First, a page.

Some of the sequences still give me just as much as a thrill as before, especially Among Thieves on the train with all the scenery joining seemlessly together as you progress up the carriages, is still an incredible technical feat. All the big set pieces are incredible, the plane as it comes apart over the desert with Drake scrambling through the air for dear life, the sequences where everything crumbles around the characters as they try to avoid being caught in the collapse, they’re absolutely mesmerising and still absolutely wow me.
It’s not all about the action though, as great as it is. Nolan North does a fantastic job at bringing Nathan Drake to life, with his acting in the FMV scenes, to his commentary as Drake moves through the environments, such as the famous words, “is that a popcorn machine?”. It’s not just Nolan North, but the rest of the cast as well, and they all bring that humour, which is another thing I love about the series, it’s not all about the serious action, but the lighter moments too, such as Nate grabbing Sully’s hand after being told by Elena that hugging was frowned upon.
For the trophy hunting side, there’s plenty to go at again, and it’s not overly difficult stuff… for the platinum that is. Crushing does, to me, and I’m sure a few others as well, seem easier than the original versions of the game. Though, if you want 100% trophy completion, prepare for a challenge. Brutal difficulty is a new mode for the Nathan Drake Collection across all three games, each has a juicy gold trophy and are really quite difficult, some sections insanely so. I consider myself a good gamer, quite a bit above average but not up in the elite leagues like others, and some points were just crazy. 1-2 bullets cause instant death throughout, and veterans of the series know how hectic some of the shoot outs can get.The difficulty is definitely above that of Crushing on the PS3 games, and some sections are just stupidly difficult. For instance, there’s one point on the train where there’s a guy shooting at you a couple of carriages down. You have to take him down instantly pretty much, and of course, the train’s moving and you have one to two other guys climbing either side of you, and he’s stupidly accurate. So I died, probably close to 50 times, or more, just on that bit, and then there’s the Djinn in Drake’s Deception just before you get to the pool, another stupidly hard part.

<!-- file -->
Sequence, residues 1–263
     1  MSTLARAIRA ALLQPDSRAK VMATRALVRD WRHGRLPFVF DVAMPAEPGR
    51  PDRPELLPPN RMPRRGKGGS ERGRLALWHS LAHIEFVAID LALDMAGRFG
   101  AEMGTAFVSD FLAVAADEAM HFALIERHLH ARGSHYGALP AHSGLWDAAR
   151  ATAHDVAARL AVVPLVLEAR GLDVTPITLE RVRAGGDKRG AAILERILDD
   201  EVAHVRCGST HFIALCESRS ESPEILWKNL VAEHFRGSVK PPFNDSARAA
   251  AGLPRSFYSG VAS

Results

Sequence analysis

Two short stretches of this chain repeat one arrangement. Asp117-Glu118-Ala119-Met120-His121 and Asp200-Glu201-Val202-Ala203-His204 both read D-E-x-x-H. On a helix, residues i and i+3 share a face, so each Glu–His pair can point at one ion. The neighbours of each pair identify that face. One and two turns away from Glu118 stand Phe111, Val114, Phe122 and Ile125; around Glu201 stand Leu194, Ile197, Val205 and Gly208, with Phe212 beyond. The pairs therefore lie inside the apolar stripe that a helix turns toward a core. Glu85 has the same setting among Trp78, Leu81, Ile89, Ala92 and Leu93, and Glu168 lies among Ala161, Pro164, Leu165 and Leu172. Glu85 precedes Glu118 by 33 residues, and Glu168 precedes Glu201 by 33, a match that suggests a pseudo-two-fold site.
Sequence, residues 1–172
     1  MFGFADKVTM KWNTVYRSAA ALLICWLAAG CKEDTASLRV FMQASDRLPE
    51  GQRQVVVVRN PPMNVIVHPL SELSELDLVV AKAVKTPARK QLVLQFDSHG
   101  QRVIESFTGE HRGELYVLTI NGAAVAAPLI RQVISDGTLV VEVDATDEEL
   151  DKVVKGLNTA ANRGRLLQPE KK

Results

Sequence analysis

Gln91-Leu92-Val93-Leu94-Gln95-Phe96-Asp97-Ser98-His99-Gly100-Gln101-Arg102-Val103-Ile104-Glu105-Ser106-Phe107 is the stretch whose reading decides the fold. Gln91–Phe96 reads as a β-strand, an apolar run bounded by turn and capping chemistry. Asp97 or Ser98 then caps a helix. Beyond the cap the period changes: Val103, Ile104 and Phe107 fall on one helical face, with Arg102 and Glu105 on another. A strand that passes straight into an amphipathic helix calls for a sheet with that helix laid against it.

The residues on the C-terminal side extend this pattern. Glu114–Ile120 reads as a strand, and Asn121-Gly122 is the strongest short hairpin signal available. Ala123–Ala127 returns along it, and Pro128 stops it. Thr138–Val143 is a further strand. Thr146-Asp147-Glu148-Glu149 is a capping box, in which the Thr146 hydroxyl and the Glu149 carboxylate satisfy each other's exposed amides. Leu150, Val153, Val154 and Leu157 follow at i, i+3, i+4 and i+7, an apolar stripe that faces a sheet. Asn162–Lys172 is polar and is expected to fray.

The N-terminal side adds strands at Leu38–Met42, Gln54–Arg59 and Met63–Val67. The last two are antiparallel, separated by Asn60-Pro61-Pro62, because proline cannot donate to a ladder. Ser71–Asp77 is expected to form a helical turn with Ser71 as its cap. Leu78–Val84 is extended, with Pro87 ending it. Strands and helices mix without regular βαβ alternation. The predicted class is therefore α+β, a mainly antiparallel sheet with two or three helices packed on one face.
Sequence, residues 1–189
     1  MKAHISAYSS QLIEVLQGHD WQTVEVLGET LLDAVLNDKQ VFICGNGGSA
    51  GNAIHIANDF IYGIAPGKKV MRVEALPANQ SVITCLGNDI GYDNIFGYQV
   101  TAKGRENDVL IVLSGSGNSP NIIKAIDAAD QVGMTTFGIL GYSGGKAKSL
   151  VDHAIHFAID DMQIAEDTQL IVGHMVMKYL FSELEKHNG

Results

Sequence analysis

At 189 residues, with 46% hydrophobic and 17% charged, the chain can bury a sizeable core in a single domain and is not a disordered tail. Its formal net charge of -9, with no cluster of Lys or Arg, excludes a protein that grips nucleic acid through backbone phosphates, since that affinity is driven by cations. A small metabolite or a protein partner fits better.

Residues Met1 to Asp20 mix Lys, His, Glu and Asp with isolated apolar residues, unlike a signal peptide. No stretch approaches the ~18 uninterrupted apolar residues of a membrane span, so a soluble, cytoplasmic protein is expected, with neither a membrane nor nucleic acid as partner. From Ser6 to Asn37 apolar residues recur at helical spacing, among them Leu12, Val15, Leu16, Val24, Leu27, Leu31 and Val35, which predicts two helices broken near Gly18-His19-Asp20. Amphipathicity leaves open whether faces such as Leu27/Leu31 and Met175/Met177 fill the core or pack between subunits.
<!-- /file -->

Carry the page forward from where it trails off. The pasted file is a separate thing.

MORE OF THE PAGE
So, what else can be said? There’s 3 absolutely beautiful games here, miraculously all on a single disc, brought up to 1080p and all run more or less constantly at 60fps. The FMV sequences are brought up to the same, but to me at least, I can tell there’s a slight dip in the video quality compared to the game play, where it doesn’t quite seem as crisp, but you can’t have everything, with three previously 30+gb games on a 50gb bluray disc. If you’ve never played an Uncharted game before, then what the hell are you waiting for?